I searched the System Tools and System Setting menu options and saw no tool that could help me accomplish this task. Oh well, I'm used to Googling for information in order to perform some basic tasks. The various queries I tried didn't give me any relevant results nor did a search of the Redhat Web site. I did find a thread on a newsgroup that asked the exact question, but of course it went unanswered.
In my searching I did find this great site for FC2 tips though: http://home.gagme.com/greg/. I'll be back to this site later.
Without instructions I tried the next best thing: remembering what I did with FC1. This eventually worked but not after some serious frustration. First, I tried adding the following line to /etc/hosts:
127.0.0.1 newcomputername.localdomain newcomputername
This seemed too easy but I couldn't remember what else to do so I tried rebooting. The computer booted much slower and the login screen still said "localhost.localdomain" in the lower right-hand corner. Grrrr.
A little more Googling and I learned about the hostname utility available from the command line. So I open a terminal and bring up the man pages like so: man hostname. From the "instructions" it sounds like I can rename the computer by switching to root and entering the command hostname newcomputername. Seemed to work. When I type hostname to retrieve the computer's name I get the "newcomputername". Yeah! I reboot but alas it still boots slow and still says "localhost.localdomain" in the lower right-hand corner of the login screen. Grrrr!
Back to surfing through the tools in gnomes application launcher. I tried System Settings > Network and then select the hosts tab from the dialogue box. Changed "localhost.localdomain" to "newcomputername", rebooted and finally it worked. Booted well and said "newcomputername" in the lower right-hand corner of the login screen. I am now elated and exhausted.
One down, more to go.Set-up Mozilla's Mail Client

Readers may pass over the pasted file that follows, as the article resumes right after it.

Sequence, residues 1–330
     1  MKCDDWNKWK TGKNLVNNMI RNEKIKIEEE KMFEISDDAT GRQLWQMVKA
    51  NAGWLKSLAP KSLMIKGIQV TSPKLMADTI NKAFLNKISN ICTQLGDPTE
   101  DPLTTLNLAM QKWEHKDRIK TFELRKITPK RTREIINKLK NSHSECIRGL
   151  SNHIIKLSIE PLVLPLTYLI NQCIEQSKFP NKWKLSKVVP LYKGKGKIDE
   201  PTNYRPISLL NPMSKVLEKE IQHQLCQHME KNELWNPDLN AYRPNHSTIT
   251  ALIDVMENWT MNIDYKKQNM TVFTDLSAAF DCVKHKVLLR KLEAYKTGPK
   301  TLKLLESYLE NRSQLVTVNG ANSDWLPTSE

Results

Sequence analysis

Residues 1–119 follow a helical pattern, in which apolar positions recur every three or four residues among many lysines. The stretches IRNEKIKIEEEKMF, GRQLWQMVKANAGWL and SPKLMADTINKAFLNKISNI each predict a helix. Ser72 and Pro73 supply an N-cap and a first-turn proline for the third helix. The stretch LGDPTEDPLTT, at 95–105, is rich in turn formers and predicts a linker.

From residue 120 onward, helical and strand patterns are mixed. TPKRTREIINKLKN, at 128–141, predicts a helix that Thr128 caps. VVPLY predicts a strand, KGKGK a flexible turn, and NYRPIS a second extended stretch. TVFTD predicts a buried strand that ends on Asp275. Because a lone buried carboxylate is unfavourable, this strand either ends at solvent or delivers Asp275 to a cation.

Well this turned out to be impossible. Two mail clients are listed under Internet: "Email" and "Evolution Email". This was the same in FC1 (although Email, a.k.a. Mozilla Mail, was listed a level lower). When I clicked on "Email", Evolution 1.4 actually opened. Odd, I guess the menu entry is wrong. So I click on "Evolution Email", and Evolution 1.4 opens again. Grrrr!! Fine, I can live with a screwed up menu since I was going to create a shortcut anyway. A little Googling and I find out how to open Mozilla Mail from the command line:
I thought for sure I would have solved the problem with this, but no. Instead I get the error "/content/messenger.xul cannot be found" Grrrr!!!
Seems I was destined to use Evolution Email in the end. This has been a pretty good experience so far. Quite a slick application and I much prefer it to the latest version of Outlook I am forced to use at work; however, I still prefer a more bare-bones client since I don't use the calendar, tasks, or contacts features.Mount the second hard-drive
FC1 didn't do this automatically either and I took good notes from the last time I configured /etc/fstab so this went pretty smoothly. At the command line, SU to root and create a new sub-directory in /mnt. I'm unimaginative when it comes to naming hard-drives and simply named it "hdb1".
Now open /etc/fstab in an editor and add the following line to the bottom:
/dev/hdb1 /mnt/hdb1 reiserfs default 1 1